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The Acorn Theatre, New York

When I saw A Letter to Harvey Milk, it was the night after Purim. What a fitting time to see this musical, just as the Jewish holiday most associated with feminism and the consequences of one’s identity – and, of course, with Hamentaschen, wine, and carnival – has passed.

A Letter to Harvey Milk does bring in its titular character a wonderfully buoyant, yet grounded, performance by Michael Bartoli. However, the heart of this show is its two leads: Harry Weinberg (Adam Heller) a retired Kosher butcher and widower, and Barbara Katsef (Julia Knitel), a lesbian creative writing teacher, who meet at the local Jewish Community Center. Through writing assignments, including the central letter to someone no longer with us, a father/daughter relationship begins to develop between the two unlikely friends. Yet the divides of time and the fear of consequences for speaking out challenge their point of views, their friendship, and their ability to hide from their pasts.

While Fiddler on the Roof might be the quintessential Jewish musical, A Letter to Harvey Milk feels like the essence of American Judaism. The corny jokes, the raspy Yiddish, the allusions to holidays and stories – and let’s not forget the Kugel – felt like home, as a Jewish American myself. But the musical is not just the clichés or the humor; instead, it shines a light on Judaism and homosexuality, on loss and on loneliness. As with much in Jewish culture, I was laughing through my tears.

A Letter to Harvey Milk will probably not be the next Broadway hit – the songs, while charming to listen to, are not particularly memorable. The jokes are sometimes strained, particularly with the Harry’s deceased quintessential Jewish wife, Frannie (Cheryl Stern), who is much better served as an old fashioned, strong-willed, and funny love of Harry’s life than as the Shiksa-hating stereotype. Harry and Frannie’s duets about her hands or their brand of love are touching, looking at a love with a time-worn foundation rather than modern tales of passion and the need to endlessly talk. When the show tries to use the character as a comedic point in a more serious song, however, the tonal shifts are too jarring and read as more awkward than funny. The music itself falls into this trap as well, combining the melancholy with the wisecracks. The show is better served when it separates the music’s intentions and instead transitions mood through dialogue.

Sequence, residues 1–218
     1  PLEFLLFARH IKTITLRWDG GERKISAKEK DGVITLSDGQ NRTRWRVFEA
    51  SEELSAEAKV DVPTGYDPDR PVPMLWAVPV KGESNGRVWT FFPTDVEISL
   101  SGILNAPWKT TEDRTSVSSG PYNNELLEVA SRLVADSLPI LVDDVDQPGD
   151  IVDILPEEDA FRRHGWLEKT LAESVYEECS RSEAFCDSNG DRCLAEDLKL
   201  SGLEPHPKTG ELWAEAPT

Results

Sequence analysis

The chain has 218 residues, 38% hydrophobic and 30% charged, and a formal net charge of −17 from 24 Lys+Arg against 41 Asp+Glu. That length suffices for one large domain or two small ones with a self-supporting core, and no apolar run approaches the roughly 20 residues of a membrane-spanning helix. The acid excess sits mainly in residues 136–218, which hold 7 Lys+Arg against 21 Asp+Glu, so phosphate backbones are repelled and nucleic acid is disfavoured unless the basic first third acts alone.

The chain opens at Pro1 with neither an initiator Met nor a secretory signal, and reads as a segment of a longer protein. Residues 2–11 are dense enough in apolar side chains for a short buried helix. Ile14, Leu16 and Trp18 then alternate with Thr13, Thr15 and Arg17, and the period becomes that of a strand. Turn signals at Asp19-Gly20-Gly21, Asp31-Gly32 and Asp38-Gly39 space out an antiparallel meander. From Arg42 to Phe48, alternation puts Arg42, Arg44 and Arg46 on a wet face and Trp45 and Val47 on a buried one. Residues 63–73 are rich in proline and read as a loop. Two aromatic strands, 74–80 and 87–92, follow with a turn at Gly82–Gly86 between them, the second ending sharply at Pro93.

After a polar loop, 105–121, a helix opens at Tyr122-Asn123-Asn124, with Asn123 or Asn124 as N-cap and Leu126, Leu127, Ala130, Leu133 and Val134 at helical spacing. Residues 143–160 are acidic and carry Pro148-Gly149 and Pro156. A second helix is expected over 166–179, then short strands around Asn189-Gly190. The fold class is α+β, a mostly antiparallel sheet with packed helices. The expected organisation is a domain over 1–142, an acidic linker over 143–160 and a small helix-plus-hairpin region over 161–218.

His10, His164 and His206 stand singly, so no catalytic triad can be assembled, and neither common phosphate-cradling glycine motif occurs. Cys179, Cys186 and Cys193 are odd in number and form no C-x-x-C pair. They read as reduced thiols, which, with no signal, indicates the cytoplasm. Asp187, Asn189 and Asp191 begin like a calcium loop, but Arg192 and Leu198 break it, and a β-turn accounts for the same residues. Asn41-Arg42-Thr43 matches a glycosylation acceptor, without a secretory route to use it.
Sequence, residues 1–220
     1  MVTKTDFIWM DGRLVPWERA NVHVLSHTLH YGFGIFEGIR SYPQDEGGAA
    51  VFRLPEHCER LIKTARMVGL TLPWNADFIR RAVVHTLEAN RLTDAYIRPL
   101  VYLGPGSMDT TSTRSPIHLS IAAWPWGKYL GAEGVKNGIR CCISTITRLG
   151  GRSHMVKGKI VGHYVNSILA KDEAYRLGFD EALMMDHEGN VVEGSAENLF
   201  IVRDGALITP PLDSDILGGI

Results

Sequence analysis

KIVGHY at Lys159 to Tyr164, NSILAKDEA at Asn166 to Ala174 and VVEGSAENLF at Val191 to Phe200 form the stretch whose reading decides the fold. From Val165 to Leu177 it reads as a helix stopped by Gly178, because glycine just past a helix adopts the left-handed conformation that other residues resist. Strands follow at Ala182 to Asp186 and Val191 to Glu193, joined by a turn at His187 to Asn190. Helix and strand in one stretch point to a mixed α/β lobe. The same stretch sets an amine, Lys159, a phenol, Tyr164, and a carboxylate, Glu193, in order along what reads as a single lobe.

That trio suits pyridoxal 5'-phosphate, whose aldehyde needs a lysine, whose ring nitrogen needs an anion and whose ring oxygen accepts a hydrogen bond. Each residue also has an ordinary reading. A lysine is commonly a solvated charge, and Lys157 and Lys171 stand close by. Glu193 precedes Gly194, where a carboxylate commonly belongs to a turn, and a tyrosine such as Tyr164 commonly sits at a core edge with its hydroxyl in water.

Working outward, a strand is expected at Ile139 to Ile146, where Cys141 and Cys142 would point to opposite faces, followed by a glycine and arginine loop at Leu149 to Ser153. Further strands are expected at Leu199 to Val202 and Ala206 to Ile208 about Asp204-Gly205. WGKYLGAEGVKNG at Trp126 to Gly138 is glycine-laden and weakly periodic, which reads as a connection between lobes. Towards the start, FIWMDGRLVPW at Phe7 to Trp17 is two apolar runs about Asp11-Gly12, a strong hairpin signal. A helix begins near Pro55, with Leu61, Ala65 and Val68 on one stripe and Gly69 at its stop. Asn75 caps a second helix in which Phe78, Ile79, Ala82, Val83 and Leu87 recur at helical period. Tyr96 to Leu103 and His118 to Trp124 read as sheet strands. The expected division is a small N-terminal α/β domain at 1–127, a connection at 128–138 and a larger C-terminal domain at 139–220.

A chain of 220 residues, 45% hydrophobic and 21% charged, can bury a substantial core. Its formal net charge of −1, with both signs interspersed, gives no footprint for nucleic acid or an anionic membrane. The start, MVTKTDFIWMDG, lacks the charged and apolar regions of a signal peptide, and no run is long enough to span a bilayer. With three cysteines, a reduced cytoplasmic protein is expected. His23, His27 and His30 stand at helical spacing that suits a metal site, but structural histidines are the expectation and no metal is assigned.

A Letter to Harvey Milk The Acorn Theatre 02. Photos Russ Rowland

The individual performances by the chorus manage to create characters in Harvey, in Barbara’s raspy former lover (Aury Krebs), and in Harry’s friend from the old country (Jeremy Greenbaum) which lays the foundation for Heller and Knitel to capture our hearts. Knitel by far has the best vocal performance of the show – her voice clear, but sweet, not burdened down by Broadway belts meant to bring down the house or over-stylized rifts, but instead truly reflecting her character’s sincerity and passion. And quite simply just pleasant to listen to. Heller, though, embodies Harry Weinberg. His soft-spoken voice, charming but humble smile, and expressive eyes that can be read in the intimate Acorn theater pull the audience through whatever dips the show itself might have. He proves funny when needed, sweet with his wife, genuine in his acceptance, but raw in his pain and his fear. It is the chemistry between this unlikely pair as they subtly tackle issues that still haunt our world that makes the show worth seeing. With chutzpah and warmth, A Letter to Harvey Milk is a moving exploration of Judaism and the trauma that comes from publicly being who you are.

  • Musical
  • Book by Ellen M. Schwartz, Cheryl Stern, Laura I. Kramer, and Jerry James
  • Based on the short story “A Letter to Harvey Milk” by Lesléa Newman
  • Music by Laura I. Kramer
  • Cast includes: Adam Heller, Julia Knitel, Cheryl Stern, Michael Bartoli, Jeremy Greenbaum, Aury Krebs, and CJ Pawlikowski
  • The Acorn Theatre, New York
  • Until 13 May 2018

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